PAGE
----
We’re past Memorial Day, which many people consider to be summer’s unofficial start. That means laying back and watching some baseball on TV, firing up the BBQ, inviting the neighbors over, and perhaps having a cold beer or two.
Many people also feel like this is the time of year to beautify their home’s exterior. You might spend some time gardening, planting, mowing the lawn, cleaning the leaves out of the gutters, and so forth.
You want to impress your buddies and family when they come by, and with many Americans fully vaccinated now, you can probably have that gathering you’ve wanted for so many months.
However, this is also a season when many pests are active. Let’s talk about some of them, and we’ll also cover ways that you can deter them from bothering you.
The approaching summer might seem like the time when your primary concern should be what flowers to plant or the best time to water your lawn. If you have plenty of trees on your property, though, you may have to worry about a rodent invasion as well. Squirrels might seem harmless at first, but they can do a great deal of damage if you let them.
For instance, squirrels can dig up your flowers. If you have a birdfeeder, they can steal all the birdseed before the birds ever get to it. They can eat all your vegetables if you are growing any. They particularly like tomatoes.
Short of getting a BB gun and trying to snipe at the squirrels from out the window, there are several options if you want to dissuade them from these sorts of disruptive activities.
You can keep your plants in chicken wire enclosures. That can convince the squirrels to keep their little paws off of them.
You can also put some flaming squirrel repellant on the birdseed. The repellant will burn the squirrels’ paws, and that will teach them not to touch it. It does nothing to birds, though, and they enjoy the taste. Don’t worry about harming the squirrels: the fiery sensation will go away after a little while.
You might encounter anthills on your property, or you may find that ants are living under the flagstones or the sidewalk in front of your house. These underground colonies can spring up overnight and spread like wildfire.
You can get an insecticide and spray it on the anthill, or you can spray it in the sidewalk cracks through which the ants are going in and out. If they are very close to your property, you probably want to stop them before any of them decide to venture inside.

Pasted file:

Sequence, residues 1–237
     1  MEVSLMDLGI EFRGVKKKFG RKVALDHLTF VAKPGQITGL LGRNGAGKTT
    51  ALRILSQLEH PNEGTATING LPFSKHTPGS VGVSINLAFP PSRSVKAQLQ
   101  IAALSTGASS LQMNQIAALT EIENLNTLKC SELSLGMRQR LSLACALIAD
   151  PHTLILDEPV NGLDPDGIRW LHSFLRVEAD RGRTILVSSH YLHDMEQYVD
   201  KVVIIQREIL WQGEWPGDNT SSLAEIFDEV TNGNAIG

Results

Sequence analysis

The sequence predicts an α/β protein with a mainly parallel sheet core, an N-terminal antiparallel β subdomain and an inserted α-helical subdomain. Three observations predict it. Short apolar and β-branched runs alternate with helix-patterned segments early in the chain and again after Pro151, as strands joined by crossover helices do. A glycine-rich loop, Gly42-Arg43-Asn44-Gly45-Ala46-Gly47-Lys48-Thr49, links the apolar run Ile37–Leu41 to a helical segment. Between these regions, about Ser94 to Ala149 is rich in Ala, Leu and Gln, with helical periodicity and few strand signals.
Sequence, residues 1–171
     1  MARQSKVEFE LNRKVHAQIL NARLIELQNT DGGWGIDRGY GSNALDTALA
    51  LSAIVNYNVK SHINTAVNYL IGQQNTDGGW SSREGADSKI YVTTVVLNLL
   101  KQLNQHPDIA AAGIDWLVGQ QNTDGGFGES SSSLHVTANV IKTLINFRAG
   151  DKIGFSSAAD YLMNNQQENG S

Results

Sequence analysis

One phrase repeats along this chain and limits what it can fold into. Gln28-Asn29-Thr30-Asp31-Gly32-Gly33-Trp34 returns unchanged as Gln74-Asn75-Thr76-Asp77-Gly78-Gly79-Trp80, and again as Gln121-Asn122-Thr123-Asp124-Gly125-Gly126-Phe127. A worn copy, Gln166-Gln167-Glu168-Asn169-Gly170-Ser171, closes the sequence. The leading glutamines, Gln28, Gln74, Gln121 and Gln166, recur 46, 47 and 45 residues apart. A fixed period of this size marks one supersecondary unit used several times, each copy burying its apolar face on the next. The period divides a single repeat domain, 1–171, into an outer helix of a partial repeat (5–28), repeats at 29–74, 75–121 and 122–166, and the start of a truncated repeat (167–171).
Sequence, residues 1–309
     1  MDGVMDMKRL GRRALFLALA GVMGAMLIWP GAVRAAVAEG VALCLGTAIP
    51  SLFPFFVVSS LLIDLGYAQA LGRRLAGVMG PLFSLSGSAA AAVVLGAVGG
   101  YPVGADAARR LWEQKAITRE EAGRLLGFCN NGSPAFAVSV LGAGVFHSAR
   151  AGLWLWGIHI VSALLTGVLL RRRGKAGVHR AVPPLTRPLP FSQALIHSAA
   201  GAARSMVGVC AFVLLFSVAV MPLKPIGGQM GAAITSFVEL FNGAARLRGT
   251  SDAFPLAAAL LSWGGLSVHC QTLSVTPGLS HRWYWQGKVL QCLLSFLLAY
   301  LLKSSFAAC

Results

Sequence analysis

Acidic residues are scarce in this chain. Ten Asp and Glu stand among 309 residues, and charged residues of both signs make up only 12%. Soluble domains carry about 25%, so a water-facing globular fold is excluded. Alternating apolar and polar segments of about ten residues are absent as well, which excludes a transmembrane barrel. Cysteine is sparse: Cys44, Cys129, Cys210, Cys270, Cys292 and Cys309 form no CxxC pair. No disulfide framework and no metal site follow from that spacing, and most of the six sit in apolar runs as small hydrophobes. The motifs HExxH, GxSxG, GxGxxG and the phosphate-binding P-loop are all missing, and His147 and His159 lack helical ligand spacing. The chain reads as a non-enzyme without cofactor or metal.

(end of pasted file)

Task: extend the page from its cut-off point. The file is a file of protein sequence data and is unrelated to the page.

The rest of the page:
If you see mice outside, that’s probably not an issue. If they’re in your house, you may want to take steps to get rid of them.
You can always use the old-fashioned snapper-style traps. Mice are often not particularly intelligent, so they will often fall for a snapper trap you bait with either cheese or peanut butter.
If you don’t wish to kill the mice, you can also purchase humane traps. These can lure the mice in, and they can’t get out again. You can then relocate them to a nearby park or somewhere else a good distance from your property.
Bees can be a problem, particularly if you find them in your home. You might have bee venom allergies, or one of your other family members might have them.
You can kill the bees by taking a spray bottle and combining water and vinegar in it. You can spray the mixture on the hive, if there is one, or you can spray it on individual bees you find.
Of course, you can also call in a beekeeper or a licensed exterminator if you feel like the problem is too large for you to handle on your own. If the bees are swarming in your attic or some other hard-to-reach location, that’s probably time to call in the pros.
If you’ve seen rats in your home, you can set out some of the larger snapper-style traps. You might want to be humane with mice, but rats are considerably smarter and more dangerous, so you should approach the situation more aggressively. You don’t want rats roaming around your home at night, especially if you have babies or young children.
Once you have these pest situations under control, you should enjoy the summer months a lot more.